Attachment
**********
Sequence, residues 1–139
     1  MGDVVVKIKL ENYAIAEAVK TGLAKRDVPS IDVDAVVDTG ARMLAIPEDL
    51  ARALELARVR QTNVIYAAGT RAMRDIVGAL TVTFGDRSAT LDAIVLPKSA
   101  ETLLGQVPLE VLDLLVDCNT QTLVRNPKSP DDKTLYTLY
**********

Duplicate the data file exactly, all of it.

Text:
Sequence, residues 1–139
     1  MGDVVVKIKL ENYAIAEAVK TGLAKRDVPS IDVDAVVDTG ARMLAIPEDL
    51  ARALELARVR QTNVIYAAGT RAMRDIVGAL TVTFGDRSAT LDAIVLPKSA
   101  ETLLGQVPLE VLDLLVDCNT QTLVRNPKSP DDKTLYTLY